The Waiting Place…

…for people just waiting.
Waiting for a train to go
or a bus to come, or a plane to go
or the mail to come, or the rain to go
or the phone to ring, or the snow to snow
or waiting around for a Yes or a No
or waiting for their hair to grow.
Everyone is just waiting.

Waiting for the fish to bite
or waiting for wind to fly a kite
or waiting around for Friday night
or waiting, perhaps, for their Uncle Jake
or a pot to boil, or a Better Break
or a sting of pearls, or a pair of pants
or a wig with curls, or Another Chance.
Everyone is just waiting.

NO!
That’s not for you!

Somehow you’ll escape
all that waiting and staying.
You’ll find the bright places
where Boom Bands are playing.
With banner flip-flapping,
once more you’ll ride high!
Ready for anything under the sky.
Ready because you’re that kind of a guy!

Who knew Dr. Seuss was applicable in the infertility world?

8 thoughts on “Acceptance

  1. The De thing is freeing but it also adds it’s won layers of regret, sadness, excitement. For me, it has not been a one way ticket. I seem to be going in between: still being sad, worrying if I did the “right” thing, so glad I did it, not thinking about it at all. At the end if the day….I am pregnant. Not the way I wanted it to happen but I will have a baby (and some on ice) and that is what I wanted. Now I’m just worried about if I can handle all the future implications.

  2. When I was recovering from my first miscarriage, I read a lot about the five stages of grief and I found that for me depression and anger by far outweighed the other three (including, unfortunately, acceptance). I still have anger and depression about the twisted path we have been forced on, but there are now some glimmers of acceptance peeking through the clouds. I think the most that we can ask for is that the days where acceptance rules outweigh days of depression and anger.And, I love the poem. So perfect.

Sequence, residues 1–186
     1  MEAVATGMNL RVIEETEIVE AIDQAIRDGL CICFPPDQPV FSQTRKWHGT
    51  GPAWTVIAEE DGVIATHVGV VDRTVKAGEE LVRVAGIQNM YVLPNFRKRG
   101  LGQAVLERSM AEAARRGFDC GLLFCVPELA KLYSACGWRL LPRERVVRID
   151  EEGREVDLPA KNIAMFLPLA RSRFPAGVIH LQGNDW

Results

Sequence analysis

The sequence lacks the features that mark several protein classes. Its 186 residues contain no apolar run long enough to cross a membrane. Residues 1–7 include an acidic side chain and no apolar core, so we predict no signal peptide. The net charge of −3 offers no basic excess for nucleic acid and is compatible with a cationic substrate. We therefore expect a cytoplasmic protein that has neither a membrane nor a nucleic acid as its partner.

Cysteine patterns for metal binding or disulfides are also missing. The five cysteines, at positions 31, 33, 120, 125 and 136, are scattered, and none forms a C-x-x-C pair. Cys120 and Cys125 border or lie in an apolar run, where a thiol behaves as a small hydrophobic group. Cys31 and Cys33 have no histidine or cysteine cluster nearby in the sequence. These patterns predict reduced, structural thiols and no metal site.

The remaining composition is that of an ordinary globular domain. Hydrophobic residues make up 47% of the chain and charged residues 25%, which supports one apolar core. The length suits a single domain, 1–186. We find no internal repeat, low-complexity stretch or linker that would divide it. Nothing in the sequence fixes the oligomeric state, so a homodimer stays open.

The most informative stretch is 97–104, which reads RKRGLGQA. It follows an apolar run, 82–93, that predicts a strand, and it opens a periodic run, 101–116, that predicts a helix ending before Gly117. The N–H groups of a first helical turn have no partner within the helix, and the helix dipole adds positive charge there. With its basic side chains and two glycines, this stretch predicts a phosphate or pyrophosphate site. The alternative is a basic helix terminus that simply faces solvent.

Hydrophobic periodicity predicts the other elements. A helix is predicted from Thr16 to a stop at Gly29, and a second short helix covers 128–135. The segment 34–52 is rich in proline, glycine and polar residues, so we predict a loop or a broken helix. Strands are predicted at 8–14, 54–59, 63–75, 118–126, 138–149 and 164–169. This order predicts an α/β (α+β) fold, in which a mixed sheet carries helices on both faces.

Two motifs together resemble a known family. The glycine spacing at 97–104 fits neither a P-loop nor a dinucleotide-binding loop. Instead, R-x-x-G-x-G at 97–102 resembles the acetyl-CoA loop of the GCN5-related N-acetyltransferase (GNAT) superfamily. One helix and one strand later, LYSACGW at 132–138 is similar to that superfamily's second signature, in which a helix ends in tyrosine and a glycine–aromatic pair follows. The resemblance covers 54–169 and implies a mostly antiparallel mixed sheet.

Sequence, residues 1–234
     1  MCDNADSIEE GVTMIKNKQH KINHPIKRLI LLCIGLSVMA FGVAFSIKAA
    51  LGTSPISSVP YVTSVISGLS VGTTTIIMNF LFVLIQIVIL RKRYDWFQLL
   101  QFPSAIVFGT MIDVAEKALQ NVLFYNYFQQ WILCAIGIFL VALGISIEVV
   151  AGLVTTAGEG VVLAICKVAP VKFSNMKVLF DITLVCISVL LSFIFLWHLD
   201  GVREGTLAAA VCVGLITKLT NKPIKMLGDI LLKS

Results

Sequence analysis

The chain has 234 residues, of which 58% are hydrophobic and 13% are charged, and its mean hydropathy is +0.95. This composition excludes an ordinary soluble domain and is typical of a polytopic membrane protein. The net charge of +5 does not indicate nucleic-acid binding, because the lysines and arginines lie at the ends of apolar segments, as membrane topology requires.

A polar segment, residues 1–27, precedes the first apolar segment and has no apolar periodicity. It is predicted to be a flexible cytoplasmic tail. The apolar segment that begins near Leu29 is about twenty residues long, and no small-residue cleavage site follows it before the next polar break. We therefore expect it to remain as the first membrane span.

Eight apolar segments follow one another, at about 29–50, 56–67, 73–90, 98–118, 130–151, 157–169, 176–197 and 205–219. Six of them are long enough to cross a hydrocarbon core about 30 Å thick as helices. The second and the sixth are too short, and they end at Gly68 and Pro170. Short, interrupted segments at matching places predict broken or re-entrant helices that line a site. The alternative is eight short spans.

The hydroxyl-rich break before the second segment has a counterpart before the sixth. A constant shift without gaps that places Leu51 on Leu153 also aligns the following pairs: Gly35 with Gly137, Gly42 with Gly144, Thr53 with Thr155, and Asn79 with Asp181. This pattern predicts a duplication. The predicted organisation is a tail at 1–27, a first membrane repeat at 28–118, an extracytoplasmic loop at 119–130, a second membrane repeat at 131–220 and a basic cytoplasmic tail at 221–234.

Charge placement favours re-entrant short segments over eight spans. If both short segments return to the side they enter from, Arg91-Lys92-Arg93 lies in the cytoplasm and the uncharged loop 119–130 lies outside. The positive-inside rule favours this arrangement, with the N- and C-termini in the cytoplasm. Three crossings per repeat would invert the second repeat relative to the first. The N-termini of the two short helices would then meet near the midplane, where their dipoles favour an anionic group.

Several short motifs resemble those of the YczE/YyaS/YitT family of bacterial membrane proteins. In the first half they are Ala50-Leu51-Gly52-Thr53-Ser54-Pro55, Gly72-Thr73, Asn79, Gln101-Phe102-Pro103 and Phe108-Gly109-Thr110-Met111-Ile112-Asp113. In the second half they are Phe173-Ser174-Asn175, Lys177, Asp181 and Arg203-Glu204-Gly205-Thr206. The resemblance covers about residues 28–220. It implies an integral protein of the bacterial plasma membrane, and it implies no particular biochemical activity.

3. Dr. Seuss was so very wise, wasn’t he?Also, I think reaching acceptance in the infertility road is so extremely challenging because you have to start the process over again and again even if you haven’t finished accepting the last time.At least with the Eagles, it’s only once a year at most.–MM

  4. You and I have so much in common. I’ve had 4 consecutive losses since September of 07 (3 miscarriages and 1 ectopic). The miscarriages resulted after trying naturally, iui and then ivf. I truly believe that one day there will be light at the end of this long dark tunnel. I hope we both find it together and someday come out on the other side.

  5. the depression stage is so huge hey? I have not gone through what you have, but I am proud of you, and am sending prayers your way that this next part of your infertitliy journey holds the key for you.

Leave a Reply

Fill in your details below or click an icon to log in:

WordPress.com Logo

You are commenting using your WordPress.com account. Log Out / Change )

Twitter picture

You are commenting using your Twitter account. Log Out / Change )

Facebook photo

You are commenting using your Facebook account. Log Out / Change )

Google+ photo

You are commenting using your Google+ account. Log Out / Change )

Connecting to %s